Illinois Senator Barack Obama and former Arkansas Gov. Mike Huckabee won the Iowa caucuses Thursday night, establishing themselves as the early frontrunners for the Democratic and Republican Presidential nominations and handing two earlier favorites crushing losses.
Mitt Romney, who outspent other Republicans 10-1, will finish a distant second while former Democratic frontrunner Hillary Rodham Clinton in third place, close behind former Senator John Edwards.
While Romney’s loss is more crushing in numbers, Clinton’s loss is a serious blow what at one time seemed to be an easy cruise to the Democratic nomination. With 100 percent of the precincts reporting, Obama had 38 percent of the vote with Edwards at 30 percent and Clinton at 29.
On the Republican side, it wasn’t even close with Huckabee jumping out to an early lead and never looked back. NBC called the race for Huckabee at 9 p.m. EST, an hour after the GOP straw votes began. The networks and the Associated Press called the Democratic race for Obama by 9:30 p.m. — two hours after the Democratic caucuses began. With 96 percent of the vote tallied, Huckabee led with 34 percent, followed by Romney with 25, Fred Thompson and John McCain with 13 (with Thompson holding a slight edge in vote numbers) and Ron Paul with 10 (all numbers are percentages).
The third place finish by Clinton was a public repudiation and a humiliating defeat for the Democratic candidate once considered the presumptive nominee. Her loss was even more stinging because exit polls showed she fared poorly with young women and African-American votes.
Clinton put on her game face and praised the strong Democratic turnout (more than 230,000) and promised to move on the New Hampshire where her once large lead in the polls has vanished.
Huckabee leaves Iowa as a candidate Republicans must take seriously. His victory is a resounding defeat for Mitt Romney, who invested millions along with considerable time and resources in Iowa.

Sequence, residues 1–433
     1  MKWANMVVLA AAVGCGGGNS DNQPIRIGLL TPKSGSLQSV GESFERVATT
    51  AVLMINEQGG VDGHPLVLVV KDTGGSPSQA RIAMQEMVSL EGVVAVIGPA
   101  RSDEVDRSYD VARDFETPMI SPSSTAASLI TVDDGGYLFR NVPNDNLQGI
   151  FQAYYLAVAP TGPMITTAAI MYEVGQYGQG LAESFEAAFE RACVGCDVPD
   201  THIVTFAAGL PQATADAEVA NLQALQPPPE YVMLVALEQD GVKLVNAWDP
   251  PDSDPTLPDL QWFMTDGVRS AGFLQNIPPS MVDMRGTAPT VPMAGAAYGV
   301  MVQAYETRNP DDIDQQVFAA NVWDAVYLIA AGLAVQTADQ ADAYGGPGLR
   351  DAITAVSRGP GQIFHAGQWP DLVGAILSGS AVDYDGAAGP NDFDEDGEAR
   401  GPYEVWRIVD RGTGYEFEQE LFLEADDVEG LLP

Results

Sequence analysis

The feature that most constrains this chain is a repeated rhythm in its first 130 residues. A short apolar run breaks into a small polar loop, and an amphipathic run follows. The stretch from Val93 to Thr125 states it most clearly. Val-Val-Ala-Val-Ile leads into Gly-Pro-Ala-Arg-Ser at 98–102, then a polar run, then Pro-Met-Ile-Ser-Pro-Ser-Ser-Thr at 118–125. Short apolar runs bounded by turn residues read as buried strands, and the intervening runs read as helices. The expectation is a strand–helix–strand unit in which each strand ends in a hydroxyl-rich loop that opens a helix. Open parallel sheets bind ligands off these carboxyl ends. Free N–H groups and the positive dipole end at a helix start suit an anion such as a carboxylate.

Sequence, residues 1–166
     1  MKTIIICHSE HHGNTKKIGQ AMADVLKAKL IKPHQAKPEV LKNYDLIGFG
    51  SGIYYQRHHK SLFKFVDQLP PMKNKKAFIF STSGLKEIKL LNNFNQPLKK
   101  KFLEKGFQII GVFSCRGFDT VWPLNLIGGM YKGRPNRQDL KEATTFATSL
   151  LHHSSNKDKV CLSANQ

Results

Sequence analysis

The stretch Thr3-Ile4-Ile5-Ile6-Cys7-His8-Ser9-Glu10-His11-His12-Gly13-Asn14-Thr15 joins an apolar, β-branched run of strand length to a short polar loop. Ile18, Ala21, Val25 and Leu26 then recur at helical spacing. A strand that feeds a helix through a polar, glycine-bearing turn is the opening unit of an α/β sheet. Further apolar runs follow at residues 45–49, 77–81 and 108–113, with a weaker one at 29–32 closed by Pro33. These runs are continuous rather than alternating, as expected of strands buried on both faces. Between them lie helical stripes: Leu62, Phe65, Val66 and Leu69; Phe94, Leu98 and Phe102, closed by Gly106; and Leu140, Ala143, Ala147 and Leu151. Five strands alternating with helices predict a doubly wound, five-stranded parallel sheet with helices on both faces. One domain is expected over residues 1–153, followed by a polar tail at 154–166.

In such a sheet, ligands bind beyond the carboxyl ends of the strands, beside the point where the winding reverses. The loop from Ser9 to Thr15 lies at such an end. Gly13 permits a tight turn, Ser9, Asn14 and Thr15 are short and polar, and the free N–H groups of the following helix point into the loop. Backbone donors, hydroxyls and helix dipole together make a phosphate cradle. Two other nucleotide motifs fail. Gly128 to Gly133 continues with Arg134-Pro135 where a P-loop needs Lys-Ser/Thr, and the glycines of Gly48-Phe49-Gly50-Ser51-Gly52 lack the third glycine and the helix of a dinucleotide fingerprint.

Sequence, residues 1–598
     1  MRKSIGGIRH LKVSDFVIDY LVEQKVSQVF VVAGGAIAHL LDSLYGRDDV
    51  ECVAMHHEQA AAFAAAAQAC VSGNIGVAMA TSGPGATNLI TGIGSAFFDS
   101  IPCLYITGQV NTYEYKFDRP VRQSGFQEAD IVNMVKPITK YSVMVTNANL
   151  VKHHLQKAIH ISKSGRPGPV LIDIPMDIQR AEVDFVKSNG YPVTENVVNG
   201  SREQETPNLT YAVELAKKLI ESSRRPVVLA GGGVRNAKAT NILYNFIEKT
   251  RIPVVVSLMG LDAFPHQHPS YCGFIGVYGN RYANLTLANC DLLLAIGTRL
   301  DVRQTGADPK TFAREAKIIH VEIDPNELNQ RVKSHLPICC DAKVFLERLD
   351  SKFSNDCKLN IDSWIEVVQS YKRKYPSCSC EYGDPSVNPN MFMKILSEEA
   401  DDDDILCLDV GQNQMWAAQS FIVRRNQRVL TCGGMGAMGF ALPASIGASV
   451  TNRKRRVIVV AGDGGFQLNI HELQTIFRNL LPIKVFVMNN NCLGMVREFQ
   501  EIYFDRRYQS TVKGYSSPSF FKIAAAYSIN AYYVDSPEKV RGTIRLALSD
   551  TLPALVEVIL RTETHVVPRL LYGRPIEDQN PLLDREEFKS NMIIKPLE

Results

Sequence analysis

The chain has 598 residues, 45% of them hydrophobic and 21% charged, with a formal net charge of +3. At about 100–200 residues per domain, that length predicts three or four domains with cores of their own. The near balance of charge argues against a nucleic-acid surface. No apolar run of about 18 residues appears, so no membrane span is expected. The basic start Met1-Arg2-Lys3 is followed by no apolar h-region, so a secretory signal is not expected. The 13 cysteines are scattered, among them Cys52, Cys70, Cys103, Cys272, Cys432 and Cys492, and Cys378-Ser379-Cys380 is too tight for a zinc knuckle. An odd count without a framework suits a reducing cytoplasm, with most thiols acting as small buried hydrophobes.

Thursday’s results began to thin the herd in the crowded Presidential field. Within minutes of the final result, Democratic candidates Joe Biden and Chris Dodd dropped out of the race.
On the Republican side, Fred Thompson is mulling a withdrawal after eking out a third place finish over a resurgent John McCain. Thompson is out of money and his dismal finish will not help fundraising.
Writes Patrick Healy in The New York Times:
The Democratic and Republican establishments and their presidential candidates, Senator Hillary Rodham Clinton and former Gov. Mitt Romney, were brought low in Iowa on Thursday night, shaken seriously by two national newcomers who won decisively on messages of insurgency and change.
The victors in Iowa, Senator Barack Obama for the Democrats and former Gov. Mike Huckabee for the Republicans, are as far from the status quo as possible. One is the son of a Kenyan father and a white Kansan mother who entered the United States Senate just three years ago. The other is a former Baptist minister who was best known until recently for losing over 100 pounds and taking on the issue of childhood obesity.
The two winners burst the aura of strength and confidence that Mrs. Clinton and Mr. Romney had tried to cultivate for months, and left both parties suddenly without a clear path to their nominating conventions, let alone November.
Mrs. Clinton’s loss was especially glaring. Her central strategy for much of 2007 was to appear as the inevitable nominee, but Iowans shredded that notion. She tried in recent weeks to convince voters that another Clinton administration could be an agent of change, but Iowans clearly did not buy it.
Without question, Mrs. Clinton and Mr. Romney have the money, the campaign apparatus and the legions of supporters to stay in the hunt for the nomination and to right their campaigns. But Mrs. Clinton’s lackluster finish raises anew questions about her electability, and whether independent voters — twice as many of whom backed Mr. Obama over her — will ever come around to Mrs. Clinton.
And Mr. Romney, who outspent Mr. Huckabee 6 to 1 in television advertising in Iowa, now faces a far more crowded field of rivals in the New Hampshire primary who are eager to tear into his wounded candidacy
All the candidates now move to that primary on Tuesday, which Mrs. Clinton had tried to make a fire wall for her campaign, as it was for her husband’s presidential candidacy in 1992, when he finished strongly in second place.
“If Hillary doesn’t stop Obama in New Hampshire, Obama is going to be the Democratic nominee,” said Robert Shrum, a Democratic consultant who was John Kerry’s senior strategist in 2004.